Lateral olivocochlear (LOC) efferent neurons modulate auditory nerve fiber (ANF) activity using a large repertoire of neurotransmitters, including dopamine (DA) and acetylcholine (ACh). Little is known about how individual neurotransmitter systems are differentially utilized in response to the ever-changing acoustic environment. Here we present quantitative evidence in rodents that the dopaminergic LOC input to ANFs is dynamically regulated according to the animal’s recent acoustic experience. Sound exposure upregulates tyrosine hydroxylase, an enzyme responsible for dopamine synthesis, in cholinergic LOC intrinsic neurons, suggesting that individual LOC neurons might at times co-release ACh and DA. We further demonstrate that dopamine down-regulates ANF firing rates by reducing both the hair cell release rate and the size of synaptic events. Collectively, our results suggest that LOC intrinsic neurons can undergo on-demand neurotransmitter re-specification to re-calibrate ANF activity, adjust the gain at hair cell/ANF synapses, and possibly to protect these synapses from noise damage.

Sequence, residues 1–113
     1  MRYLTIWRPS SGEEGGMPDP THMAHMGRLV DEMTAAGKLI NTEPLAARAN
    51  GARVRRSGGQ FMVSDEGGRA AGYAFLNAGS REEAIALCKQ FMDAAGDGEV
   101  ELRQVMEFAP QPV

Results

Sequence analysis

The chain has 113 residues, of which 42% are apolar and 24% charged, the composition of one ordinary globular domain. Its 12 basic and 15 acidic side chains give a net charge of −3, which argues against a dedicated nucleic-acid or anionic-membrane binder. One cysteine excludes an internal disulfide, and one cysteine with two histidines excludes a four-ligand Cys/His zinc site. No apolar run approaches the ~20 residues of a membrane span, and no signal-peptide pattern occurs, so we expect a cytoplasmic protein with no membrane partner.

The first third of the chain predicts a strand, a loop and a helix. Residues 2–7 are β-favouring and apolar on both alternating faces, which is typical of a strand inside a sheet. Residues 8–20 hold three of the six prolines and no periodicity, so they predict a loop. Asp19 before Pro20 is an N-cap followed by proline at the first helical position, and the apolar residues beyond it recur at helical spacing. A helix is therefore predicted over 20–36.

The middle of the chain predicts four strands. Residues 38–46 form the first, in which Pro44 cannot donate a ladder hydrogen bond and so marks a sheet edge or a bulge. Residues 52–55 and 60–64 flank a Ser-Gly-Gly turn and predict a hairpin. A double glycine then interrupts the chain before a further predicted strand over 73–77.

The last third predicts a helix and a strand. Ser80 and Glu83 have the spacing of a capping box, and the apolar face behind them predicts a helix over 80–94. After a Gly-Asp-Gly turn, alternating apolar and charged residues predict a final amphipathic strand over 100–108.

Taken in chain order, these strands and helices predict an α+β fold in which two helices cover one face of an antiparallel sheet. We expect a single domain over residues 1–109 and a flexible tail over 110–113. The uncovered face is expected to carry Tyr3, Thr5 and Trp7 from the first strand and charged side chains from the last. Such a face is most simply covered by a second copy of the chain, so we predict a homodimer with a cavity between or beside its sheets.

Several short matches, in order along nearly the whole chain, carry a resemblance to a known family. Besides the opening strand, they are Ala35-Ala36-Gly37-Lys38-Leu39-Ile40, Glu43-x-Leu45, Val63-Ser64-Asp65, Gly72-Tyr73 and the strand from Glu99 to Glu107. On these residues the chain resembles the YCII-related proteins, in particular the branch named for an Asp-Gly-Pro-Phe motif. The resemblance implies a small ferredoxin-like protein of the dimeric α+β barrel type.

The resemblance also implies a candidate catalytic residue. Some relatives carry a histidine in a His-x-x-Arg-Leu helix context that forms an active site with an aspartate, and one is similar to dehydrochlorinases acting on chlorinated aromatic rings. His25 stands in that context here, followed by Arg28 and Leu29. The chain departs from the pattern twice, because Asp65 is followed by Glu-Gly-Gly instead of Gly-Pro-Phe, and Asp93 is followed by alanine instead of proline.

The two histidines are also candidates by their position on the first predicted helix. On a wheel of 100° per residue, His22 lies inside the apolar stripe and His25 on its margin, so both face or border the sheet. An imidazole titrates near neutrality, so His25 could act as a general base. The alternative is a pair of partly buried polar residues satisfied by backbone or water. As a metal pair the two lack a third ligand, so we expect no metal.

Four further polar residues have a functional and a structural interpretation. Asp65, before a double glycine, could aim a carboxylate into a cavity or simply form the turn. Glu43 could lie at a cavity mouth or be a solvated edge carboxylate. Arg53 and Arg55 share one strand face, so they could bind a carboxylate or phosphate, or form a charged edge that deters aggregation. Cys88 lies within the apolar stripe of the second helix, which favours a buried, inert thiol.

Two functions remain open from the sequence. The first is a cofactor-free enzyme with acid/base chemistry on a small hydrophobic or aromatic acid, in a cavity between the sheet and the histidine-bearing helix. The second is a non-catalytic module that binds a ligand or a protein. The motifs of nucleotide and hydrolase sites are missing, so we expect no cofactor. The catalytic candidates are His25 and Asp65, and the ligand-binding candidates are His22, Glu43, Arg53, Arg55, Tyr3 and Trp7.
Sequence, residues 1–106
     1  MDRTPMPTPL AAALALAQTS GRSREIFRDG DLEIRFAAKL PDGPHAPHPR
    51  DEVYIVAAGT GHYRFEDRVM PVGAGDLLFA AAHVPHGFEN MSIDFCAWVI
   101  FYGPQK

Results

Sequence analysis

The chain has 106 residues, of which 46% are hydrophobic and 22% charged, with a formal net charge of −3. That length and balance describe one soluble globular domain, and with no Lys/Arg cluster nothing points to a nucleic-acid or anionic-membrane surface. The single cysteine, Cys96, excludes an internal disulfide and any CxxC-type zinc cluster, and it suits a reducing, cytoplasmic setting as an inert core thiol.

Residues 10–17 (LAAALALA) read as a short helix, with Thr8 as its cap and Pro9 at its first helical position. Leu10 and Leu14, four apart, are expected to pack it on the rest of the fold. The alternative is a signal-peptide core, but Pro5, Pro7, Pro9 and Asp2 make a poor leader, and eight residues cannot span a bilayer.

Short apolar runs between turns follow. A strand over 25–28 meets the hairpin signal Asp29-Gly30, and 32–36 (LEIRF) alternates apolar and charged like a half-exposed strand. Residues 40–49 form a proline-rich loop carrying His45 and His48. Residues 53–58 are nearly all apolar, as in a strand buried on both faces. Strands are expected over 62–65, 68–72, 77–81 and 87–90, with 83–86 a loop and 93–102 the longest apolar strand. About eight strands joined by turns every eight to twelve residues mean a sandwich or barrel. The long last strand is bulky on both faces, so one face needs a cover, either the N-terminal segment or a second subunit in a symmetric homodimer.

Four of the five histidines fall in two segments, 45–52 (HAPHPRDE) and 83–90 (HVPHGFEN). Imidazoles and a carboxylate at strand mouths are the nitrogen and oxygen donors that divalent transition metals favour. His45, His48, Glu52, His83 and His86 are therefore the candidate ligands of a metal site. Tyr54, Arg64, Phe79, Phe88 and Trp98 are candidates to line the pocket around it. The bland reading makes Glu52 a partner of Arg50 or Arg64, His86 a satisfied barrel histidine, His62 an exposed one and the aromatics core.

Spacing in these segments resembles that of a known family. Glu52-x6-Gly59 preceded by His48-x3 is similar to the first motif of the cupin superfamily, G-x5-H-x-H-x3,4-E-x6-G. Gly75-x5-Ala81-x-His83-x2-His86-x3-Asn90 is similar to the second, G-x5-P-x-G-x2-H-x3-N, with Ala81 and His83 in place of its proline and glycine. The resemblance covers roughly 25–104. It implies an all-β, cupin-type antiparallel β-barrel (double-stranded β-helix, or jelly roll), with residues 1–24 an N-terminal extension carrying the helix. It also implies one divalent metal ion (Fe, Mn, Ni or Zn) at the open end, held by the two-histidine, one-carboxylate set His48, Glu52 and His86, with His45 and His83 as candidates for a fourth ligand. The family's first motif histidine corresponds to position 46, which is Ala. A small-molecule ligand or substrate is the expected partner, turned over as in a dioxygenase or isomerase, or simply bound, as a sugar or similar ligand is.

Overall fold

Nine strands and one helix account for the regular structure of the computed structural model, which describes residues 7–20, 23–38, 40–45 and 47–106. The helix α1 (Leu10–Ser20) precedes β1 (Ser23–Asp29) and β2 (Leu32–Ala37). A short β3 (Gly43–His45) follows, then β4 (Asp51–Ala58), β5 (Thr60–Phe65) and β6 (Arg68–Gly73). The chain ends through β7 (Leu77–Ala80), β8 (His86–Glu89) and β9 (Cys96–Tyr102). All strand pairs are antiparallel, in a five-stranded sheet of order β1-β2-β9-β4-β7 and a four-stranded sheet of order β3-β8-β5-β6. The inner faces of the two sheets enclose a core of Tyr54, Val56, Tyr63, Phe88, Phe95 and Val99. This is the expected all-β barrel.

- Auditory nerve fiber
- Noise damage
- Olivocochlear lateral efferents
ASJC Scopus subject areas
- Immunology and Microbiology(all)
- Biochemistry, Genetics and Molecular Biology(all)